Your Diabetes Blog

taking control of your diabetes : Diabetes Blog-Chat : October 2006 : 2006-10-16 to 2006-10-22

October 16, 2006 23:42 - London Throws Out Blood Sugars

Well, we all have times when we want to celebrate, don't we? But sometimes celebrating can really throw our blood sugars and diabetes control to the wind!

It was only one day - we were celebrating our wedding anniversary and decided to go up to London for the day. You know, do the tourist thing, wander around London taking all the sights in.

It was a great day out, we were really lucky with the weather, but... I have to admit I didn't take as much care as I usually do about what I eat. No - don't get me wrong. I didn't go mad eating ice-creams, cakes or sweets. I just had a slightly more exotic meal in the evening, with a lot more of the complex carbohydrates than I'm used to eating these days.

So I had the french fries, pitta bread and I suspect the salad dressing was a bit higher in sugar content as well.

And it really threw my blood sugars out of balance. It meant I had to take additional tablets to bring it back under control. And it took a couple of days to even out properly. You see when you have diabetes type 2 the control is not quite so easily fine-tuned.

It isn't a matter of taking a couple of extra units of insulin (not that I'd recommend that on a regular basis for type 1 diabetes anyway!).

What we eat, what exercise we get as well as any tablets we take all combine to balance our blood-sugar levels.

Ah well, it only happens once or twice a year - but I think I'll take just a little more care next time, after all it isn't worth risking my long-term health for one day of pleasure, is it?


October 17, 2006 22:58 - Obesity Contributes to Type 2 Diabetes Epidemic

Research has reported one of the greatest contributors to the type 2 diabetes epidemic is obesity brought on by our modern lifestyle.

Eating too much and lack of exercise all combine towards a higher risk of developing diabetes.

Are you eating yourself into diabetes type 2? These 4 eating habits, which are so easy to slip into, could lead to obesity and may make you another statistic in type 2 diabetes epidemic...

1) Snacking... Are you really hungry when you snack? Or is it that you "just fancy a bite to eat"?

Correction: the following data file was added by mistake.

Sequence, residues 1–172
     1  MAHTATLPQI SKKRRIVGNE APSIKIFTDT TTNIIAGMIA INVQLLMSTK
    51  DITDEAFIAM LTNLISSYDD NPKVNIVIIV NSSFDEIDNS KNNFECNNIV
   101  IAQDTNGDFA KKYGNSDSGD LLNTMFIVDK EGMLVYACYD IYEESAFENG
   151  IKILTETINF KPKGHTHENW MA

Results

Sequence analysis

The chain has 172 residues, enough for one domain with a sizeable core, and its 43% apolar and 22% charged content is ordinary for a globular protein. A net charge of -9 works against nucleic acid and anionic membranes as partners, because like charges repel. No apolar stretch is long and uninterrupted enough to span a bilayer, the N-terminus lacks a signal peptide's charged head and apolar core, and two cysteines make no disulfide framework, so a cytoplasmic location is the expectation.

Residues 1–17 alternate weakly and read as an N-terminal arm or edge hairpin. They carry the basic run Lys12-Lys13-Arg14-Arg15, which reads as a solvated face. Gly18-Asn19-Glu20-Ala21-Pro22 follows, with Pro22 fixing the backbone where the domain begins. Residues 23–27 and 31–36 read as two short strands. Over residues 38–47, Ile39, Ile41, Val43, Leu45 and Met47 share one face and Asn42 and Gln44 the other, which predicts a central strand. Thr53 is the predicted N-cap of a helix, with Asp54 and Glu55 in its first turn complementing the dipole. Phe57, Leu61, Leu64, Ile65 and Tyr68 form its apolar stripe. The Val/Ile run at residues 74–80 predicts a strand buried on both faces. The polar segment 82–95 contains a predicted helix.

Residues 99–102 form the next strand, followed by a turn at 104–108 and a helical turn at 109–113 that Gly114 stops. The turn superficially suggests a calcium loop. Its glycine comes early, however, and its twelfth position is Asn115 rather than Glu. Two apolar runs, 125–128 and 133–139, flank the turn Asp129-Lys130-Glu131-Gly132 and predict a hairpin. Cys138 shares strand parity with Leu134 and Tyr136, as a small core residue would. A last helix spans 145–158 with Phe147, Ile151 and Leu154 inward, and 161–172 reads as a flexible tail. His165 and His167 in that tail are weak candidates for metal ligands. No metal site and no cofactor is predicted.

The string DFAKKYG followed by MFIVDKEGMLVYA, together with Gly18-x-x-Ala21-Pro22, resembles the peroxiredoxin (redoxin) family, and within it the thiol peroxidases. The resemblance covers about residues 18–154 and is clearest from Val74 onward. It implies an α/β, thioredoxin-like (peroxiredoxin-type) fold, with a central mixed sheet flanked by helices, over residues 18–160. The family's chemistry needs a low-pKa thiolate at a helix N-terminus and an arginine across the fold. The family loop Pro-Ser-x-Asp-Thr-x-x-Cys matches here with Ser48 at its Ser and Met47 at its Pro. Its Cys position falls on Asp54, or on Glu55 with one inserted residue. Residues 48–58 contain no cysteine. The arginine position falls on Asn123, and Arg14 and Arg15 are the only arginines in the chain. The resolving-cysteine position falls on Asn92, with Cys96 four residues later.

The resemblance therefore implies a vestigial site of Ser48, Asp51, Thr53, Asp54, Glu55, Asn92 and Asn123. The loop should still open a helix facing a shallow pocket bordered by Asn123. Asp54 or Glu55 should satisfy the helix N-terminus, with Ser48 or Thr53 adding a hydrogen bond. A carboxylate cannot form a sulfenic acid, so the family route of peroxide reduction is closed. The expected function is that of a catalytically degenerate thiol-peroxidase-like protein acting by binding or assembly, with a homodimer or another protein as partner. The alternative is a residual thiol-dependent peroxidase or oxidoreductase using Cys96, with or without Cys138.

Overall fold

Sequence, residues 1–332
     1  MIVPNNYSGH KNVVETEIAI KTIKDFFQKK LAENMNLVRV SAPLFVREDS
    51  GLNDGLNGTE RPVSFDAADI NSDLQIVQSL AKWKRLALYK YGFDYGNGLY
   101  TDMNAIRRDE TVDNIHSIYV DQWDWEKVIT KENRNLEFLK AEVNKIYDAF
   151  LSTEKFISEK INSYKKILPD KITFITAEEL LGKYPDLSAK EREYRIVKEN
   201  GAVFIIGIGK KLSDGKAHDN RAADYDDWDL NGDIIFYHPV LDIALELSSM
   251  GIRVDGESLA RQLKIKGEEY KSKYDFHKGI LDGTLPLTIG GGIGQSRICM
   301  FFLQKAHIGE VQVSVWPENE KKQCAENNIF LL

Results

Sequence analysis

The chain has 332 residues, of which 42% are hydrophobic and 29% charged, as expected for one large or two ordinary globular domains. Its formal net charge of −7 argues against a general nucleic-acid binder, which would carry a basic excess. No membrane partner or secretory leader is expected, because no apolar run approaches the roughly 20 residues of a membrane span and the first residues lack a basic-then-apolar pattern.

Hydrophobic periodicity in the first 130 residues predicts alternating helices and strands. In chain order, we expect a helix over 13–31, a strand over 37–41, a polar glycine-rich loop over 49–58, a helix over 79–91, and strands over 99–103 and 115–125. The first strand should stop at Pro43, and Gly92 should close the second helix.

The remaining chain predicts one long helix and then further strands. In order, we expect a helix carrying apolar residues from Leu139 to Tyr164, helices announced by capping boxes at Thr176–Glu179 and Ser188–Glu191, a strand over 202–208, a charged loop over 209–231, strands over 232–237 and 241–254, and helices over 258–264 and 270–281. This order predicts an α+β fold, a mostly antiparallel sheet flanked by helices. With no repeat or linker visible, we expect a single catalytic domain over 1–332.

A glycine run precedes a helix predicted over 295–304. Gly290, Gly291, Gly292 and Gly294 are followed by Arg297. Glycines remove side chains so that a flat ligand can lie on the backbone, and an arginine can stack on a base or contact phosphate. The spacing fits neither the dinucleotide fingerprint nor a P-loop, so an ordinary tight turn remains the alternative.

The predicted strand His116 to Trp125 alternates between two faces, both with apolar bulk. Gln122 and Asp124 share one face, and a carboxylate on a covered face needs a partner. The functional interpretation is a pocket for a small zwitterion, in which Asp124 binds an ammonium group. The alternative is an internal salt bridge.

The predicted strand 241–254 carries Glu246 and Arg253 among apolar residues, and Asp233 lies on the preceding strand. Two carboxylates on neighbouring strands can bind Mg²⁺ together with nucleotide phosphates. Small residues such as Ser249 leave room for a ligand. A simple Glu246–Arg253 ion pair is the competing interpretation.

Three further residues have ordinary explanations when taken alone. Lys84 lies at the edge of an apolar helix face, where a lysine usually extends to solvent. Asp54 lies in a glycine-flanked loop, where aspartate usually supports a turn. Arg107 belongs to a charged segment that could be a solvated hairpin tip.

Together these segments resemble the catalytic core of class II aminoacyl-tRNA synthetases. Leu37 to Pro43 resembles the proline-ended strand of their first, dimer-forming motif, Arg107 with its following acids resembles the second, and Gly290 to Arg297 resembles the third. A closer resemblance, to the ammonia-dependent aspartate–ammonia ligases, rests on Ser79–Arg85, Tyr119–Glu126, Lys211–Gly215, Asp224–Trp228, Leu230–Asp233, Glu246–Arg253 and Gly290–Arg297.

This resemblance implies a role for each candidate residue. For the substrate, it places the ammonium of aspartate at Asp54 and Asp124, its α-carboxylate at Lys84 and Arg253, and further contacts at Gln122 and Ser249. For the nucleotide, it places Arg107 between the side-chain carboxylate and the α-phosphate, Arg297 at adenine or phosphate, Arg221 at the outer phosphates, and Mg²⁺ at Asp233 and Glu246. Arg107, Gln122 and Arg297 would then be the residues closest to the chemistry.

Snacking is probably one of the biggest contributions to weight gain. It's not so much the snacking, it's what you snack on! Cookies /biscuits, chocolate, cakes, snack bars - all these contain massive amounts of sugar that increase the burden on our immune system. If you overload your system with sugar it may not cope, you could end up with insulin resistance which leads to type 2 diabetes.

Healthy, no added sugar or sugar free snacks are the best options if you MUST snack.

2) Eating speed... Ever finished your meal before your companions? Ever bolted your food down and then felt bloated afterwards?

In a 2006 Sky TV program Paul McKenna (the famous hypnotherapist) explained how the simple act of slowing down how quickly you eat by putting your knife and fork down between mouthfuls and chewing more slowly, can contribute to weight loss.

Think about it, if you're eating more slowly you'll know when you are full. You won't continue eating and get that uncomfortable bloated feeling. And you won't put all that extra weight on.

Watching that program gave me an 'Aha!' moment, because that's exactly what my father has done all his life. It's a standing joke in the family that he takes so long to eat a meal - he often finishes half-an-hour after everyone else. And guess what? Yep - he's as skinny as a rake. Wish I could say the same about me!

3) Unconscious eating... No, I don't mean 'sleep-eating' (I wonder if there is such a thing?) I'm talking about automatic eating without any conscious thought to what you are doing.